new EndpointInstance("MyEndpoint").AtMachine("VM-2")
        });
}

The source parameter has the same meaning and effect as in the routes collection.

The instances collection is thread-safe. It allows registering multiple instance of a given endpoint. In case there is more than one, message distribution is involved.

Message distribution

Every message is always delivered to a single physical instance of the logical endpoint. When scaling out an endpoint with a bus transport there are multiple instances of a single logical endpoint registered in the routing system. Each outgoing message has to undergo the distribution process to determine which instance is going to receive this particular message. By default a round-robin algorithm is used to determine the destination. Routing extensions can override this behavior by registering a custom DistributionStrategy for a given destination endpoint.

Edit
var transport = endpointConfiguration.UseTransport<MsmqTransport>();
var routing = transport.Routing();
routing.SetMessageDistributionStrategy(new RandomStrategy("Sales", DistributionStrategyScope.Send));
6.x NServiceBus
Edit
class RandomStrategy :
    DistributionStrategy
{
    static Random random = new Random();

    public RandomStrategy(string endpoint, DistributionStrategyScope scope) : base(endpoint, scope)
    {
    }

    public override string SelectReceiver(string[] receiverAddresses)
    {
        return receiverAddresses[random.Next(receiverAddresses.Length)];
    }
}
6.2 - N NServiceBus
Edit
class RandomStrategy :
    DistributionStrategy
{
    static Random random = new Random();

    public RandomStrategy(string endpoint, DistributionStrategyScope scope) : base(endpoint, scope)
    {
    }

    // Method will not be called since SelectDestination doesn't call base.SelectDestination
    public override string SelectReceiver(string[] receiverAddresses)
    {
        throw new NotImplementedException();
    }

    public override string SelectDestination(DistributionContext context)
    {
        // access to headers, payload...
        return context.ReceiverAddresses[random.Next(context.ReceiverAddresses.Length)];
    }
}

In Version 6.2 and above it is possible to override the virtual method SelectDestination. The method provides access to the DistributionStrategyContext that enables implementing more advanced distribution scenarios, such as distributing based on the headers of the message. When SelectDestination is overridden, do not call base.SelectDestination since the base method calls SelectReceiver for backward compatibility reasons. SelectReceiver can throw a NotImplementedException.

To learn more about creating custom distribution strategies see the fair distribution sample.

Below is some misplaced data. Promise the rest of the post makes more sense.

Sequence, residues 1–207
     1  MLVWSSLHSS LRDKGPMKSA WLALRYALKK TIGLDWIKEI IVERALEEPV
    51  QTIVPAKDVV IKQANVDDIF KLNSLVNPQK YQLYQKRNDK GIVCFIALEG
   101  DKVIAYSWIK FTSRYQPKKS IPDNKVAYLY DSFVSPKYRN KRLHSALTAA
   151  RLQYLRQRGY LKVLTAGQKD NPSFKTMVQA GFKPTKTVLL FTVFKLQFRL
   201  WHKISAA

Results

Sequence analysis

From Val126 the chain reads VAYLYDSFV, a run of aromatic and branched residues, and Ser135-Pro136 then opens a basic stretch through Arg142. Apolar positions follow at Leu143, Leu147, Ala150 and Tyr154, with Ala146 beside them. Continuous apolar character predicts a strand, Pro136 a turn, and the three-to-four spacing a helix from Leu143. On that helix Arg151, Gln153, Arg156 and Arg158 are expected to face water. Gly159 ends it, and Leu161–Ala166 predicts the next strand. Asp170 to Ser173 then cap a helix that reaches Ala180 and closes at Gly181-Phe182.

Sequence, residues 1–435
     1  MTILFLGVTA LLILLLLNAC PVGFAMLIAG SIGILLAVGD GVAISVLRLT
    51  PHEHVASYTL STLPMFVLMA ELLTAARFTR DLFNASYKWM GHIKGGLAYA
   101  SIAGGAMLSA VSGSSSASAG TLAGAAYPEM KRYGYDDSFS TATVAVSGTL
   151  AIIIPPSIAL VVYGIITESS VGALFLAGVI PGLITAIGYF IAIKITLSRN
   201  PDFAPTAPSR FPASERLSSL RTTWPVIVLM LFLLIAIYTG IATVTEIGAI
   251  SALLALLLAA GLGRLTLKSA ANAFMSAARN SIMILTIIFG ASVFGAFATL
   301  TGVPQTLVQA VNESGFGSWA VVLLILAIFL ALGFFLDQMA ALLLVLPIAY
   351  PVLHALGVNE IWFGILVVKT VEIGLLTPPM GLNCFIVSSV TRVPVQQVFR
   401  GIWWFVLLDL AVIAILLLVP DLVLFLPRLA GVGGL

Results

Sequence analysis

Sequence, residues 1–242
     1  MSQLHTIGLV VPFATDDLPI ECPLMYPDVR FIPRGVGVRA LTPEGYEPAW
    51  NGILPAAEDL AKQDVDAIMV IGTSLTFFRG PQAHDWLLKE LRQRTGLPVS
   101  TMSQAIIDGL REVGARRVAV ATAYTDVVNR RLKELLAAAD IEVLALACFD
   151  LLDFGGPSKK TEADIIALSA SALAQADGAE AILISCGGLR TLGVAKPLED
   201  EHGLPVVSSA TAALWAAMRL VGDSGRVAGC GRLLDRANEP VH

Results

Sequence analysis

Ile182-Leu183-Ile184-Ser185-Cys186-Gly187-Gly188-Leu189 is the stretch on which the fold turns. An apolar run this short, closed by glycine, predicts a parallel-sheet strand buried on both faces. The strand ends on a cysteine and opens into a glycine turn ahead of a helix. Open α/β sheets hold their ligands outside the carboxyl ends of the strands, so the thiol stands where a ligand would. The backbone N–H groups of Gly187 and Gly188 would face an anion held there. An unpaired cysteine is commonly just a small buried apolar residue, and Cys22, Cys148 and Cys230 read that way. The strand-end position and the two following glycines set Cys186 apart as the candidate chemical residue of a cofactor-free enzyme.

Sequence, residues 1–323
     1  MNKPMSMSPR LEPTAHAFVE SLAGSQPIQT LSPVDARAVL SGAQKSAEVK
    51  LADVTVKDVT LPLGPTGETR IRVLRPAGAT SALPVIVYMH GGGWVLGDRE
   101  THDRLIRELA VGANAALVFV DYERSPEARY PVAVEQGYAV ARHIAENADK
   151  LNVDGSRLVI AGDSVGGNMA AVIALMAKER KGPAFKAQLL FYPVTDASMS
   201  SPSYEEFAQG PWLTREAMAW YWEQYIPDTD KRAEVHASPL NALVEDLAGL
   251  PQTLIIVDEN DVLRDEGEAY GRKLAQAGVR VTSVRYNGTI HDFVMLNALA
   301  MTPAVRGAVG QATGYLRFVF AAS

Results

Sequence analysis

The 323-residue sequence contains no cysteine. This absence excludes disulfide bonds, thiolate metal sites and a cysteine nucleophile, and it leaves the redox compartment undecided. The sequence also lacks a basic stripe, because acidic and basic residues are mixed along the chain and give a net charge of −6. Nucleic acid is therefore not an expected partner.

MessageEndpointMappings

The routing system can be extended in a static manner (once at startup) by providing custom sources of routing information to enrich or replace the standard routing configuration (UnicastBusConfig/MessageEndpointMappings configuration section in app.config file).

It can be done either by using a configuration source:

Edit
public class ConfigurationSource :
    IConfigurationSource
{
    public T GetConfiguration<T>() where T : class, new()
    {
        if (typeof(T) == typeof(UnicastBusConfig))
        {
            // read from existing config
            var config = (UnicastBusConfig)ConfigurationManager
                .GetSection(typeof(UnicastBusConfig).Name);
            if (config == null)
            {
                // create new config if it doesn't exist
                config = new UnicastBusConfig
                {
                    MessageEndpointMappings = new MessageEndpointMappingCollection()
                };
            }
            // append mapping to config
            var endpointMapping = new MessageEndpointMapping
            {
                AssemblyName = "assembly",
                Endpoint = "queue@machinename"
            };
            config.MessageEndpointMappings.Add(endpointMapping);
            return config as T;
        }

        return ConfigurationManager.GetSection(typeof(T).Name) as T;
    }
}
Edit
endpointConfiguration.CustomConfigurationSource(new ConfigurationSource());

or a configuration provider:

Edit
public class ProvideConfiguration :
    IProvideConfiguration<UnicastBusConfig>
{
    public UnicastBusConfig GetConfiguration()
    {
        // read from existing config
        var config = (UnicastBusConfig) ConfigurationManager
            .GetSection(typeof(UnicastBusConfig).Name);
        if (config == null)
        {
            // create new config if it doesn't exist
            config = new UnicastBusConfig
            {
                MessageEndpointMappings = new MessageEndpointMappingCollection()
            };
        }
        // append mapping to config
        var endpointMapping = new MessageEndpointMapping
        {
            AssemblyName = "assembly",
            Endpoint = "queue@machinename"
        };
        config.MessageEndpointMappings.Add(endpointMapping);
        return config;
    }
}

The MessageEndpointMappings collection can be populated based on any external source. It is read during the endpoint start-up, before any messages are sent.

The route table is not updated during run-time, even if the contents of the mappings collection change. In case the routing data changes frequently, consider implementing a mechanism that would restart the endpoint when the change is detected.